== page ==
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The US Midterm Elections, 2010

[1]

Thomas Hart Benton, “The Kentuckian,” 1954

1,085 words

As I write, it looks like the Democratic party will retain control of the US Senate by a narrowed margin and the Republican party will gain control of the US House of Representatives by a narrow margin. The likely result: gridlock, centrism, pervasive dissatisfaction, and ever-increasing polarization. In short: This has been a good election viewed in terms of the long-term interests of white Americans.

(1) This election is a repudiation of the presidency of Barack Obama, specifically Obama as a “post-racial” and leftist president. Two years ago, I predicted the following [2]:

Obama, like Clinton, will probably begin his administration with an orgy of high-minded oratory and high-priced social uplift programs, rapidly wear out his welcome, suffer a series of humiliating defeats, and end his administration as a centrist: exhausted, cynical, morally-compromised, an object of near-universal scorn.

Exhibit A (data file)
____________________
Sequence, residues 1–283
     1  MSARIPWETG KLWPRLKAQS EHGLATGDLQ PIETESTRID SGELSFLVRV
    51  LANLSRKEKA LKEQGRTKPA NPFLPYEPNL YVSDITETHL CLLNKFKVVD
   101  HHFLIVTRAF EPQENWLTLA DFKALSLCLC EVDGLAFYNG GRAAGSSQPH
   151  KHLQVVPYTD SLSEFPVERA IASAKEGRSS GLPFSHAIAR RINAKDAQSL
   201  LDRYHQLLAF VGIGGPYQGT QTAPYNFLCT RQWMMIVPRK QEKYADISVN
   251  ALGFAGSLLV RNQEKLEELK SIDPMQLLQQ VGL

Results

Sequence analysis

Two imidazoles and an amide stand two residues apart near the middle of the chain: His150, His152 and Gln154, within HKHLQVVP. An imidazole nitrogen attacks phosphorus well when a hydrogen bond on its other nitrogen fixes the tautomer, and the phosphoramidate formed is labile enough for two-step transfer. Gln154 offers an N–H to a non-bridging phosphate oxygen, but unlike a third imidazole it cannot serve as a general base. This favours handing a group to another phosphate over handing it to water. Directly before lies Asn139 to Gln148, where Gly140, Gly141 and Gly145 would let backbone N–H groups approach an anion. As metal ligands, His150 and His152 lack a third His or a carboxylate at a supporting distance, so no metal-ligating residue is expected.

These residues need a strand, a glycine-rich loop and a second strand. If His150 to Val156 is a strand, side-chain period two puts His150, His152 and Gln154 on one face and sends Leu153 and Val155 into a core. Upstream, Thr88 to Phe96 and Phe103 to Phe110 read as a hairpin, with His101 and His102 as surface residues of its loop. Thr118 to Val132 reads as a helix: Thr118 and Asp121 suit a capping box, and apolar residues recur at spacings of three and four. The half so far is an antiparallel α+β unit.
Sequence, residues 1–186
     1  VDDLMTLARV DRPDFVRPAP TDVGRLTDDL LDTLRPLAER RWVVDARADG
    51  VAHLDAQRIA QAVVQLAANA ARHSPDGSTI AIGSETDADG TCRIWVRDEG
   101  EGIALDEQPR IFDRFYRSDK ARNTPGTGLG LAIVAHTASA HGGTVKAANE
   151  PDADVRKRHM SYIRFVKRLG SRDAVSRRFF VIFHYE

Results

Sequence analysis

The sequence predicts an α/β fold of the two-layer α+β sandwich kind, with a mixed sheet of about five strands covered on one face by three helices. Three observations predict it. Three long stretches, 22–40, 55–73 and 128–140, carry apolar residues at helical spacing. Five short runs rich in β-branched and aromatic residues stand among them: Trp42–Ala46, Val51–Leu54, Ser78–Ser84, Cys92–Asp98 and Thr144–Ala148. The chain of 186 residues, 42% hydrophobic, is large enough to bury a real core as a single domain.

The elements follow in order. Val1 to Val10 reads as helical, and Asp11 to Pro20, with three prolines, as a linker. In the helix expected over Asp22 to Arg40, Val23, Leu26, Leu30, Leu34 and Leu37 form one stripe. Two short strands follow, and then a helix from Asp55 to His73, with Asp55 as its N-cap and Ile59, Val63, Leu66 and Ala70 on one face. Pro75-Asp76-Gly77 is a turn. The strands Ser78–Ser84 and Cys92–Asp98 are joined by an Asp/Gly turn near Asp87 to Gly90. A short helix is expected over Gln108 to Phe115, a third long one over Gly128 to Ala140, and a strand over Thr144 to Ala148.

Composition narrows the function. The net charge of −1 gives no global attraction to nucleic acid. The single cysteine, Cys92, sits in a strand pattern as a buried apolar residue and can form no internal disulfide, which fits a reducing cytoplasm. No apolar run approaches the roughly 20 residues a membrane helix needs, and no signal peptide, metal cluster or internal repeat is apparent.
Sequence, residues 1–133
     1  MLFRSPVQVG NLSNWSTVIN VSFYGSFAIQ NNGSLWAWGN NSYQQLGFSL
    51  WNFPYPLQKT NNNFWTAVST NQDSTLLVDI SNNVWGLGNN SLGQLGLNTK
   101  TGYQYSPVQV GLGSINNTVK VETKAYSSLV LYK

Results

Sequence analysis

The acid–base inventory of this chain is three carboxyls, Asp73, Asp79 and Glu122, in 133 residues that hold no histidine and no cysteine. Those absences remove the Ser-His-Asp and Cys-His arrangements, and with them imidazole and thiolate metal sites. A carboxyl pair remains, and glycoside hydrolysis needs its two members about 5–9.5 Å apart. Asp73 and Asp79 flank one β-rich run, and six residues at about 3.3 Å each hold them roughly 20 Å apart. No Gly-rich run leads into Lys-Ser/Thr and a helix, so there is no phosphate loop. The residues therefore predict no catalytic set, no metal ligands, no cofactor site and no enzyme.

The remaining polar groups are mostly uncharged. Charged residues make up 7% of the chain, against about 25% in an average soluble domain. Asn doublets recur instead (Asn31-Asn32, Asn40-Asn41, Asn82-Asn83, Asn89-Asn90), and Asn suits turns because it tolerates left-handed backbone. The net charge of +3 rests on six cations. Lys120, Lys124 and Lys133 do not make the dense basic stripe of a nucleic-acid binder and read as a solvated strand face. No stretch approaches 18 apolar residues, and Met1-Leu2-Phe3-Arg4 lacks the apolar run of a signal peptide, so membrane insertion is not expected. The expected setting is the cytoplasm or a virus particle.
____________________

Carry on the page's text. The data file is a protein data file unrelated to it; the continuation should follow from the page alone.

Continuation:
I never dreamed, however, that Obama’s presidency would collapse so fast, a function of the man’s essential emptiness. He is the weakest president since Carter, the most despised since Nixon. Furthermore, unlike Carter and Nixon, Obama’s stature will not rise when he leaves office. In their own ways, Nixon and Carter were too big for the office, thus they blossomed when they were not being “handled” and “fed” things to say. But we all know what happens when Obama does not have a teleprompter or Rahm Emanuel around. I am betting that Obama will be a one term president. The real question is whether he runs again in 2012. The 2012 presidential election is the Republicans’ to lose.

(2) The best thing for white Americans is continued racial and political polarization until the system cracks. Two years ago, I wrote:

The recent presidential campaign has been racially divisive and polarizing, and that is a good thing. Countless whites have become newly conscious of their distinct racial identity and interests. Of course the Republican candidate, John McCain, did nothing to encourage this process. Nothing, that is, until he added Sarah Palin to the Republican ticket, which brought about a vicious and polarizing reaction from the left, particularly Jews [3]. Millions of whites, most of them from the productive minority that carries the rest of the country, spontaneously identified with Palin. Thus the establishment’s hatred for her—and, by extension, them—was very instructive. Many became not just aware, but fighting mad.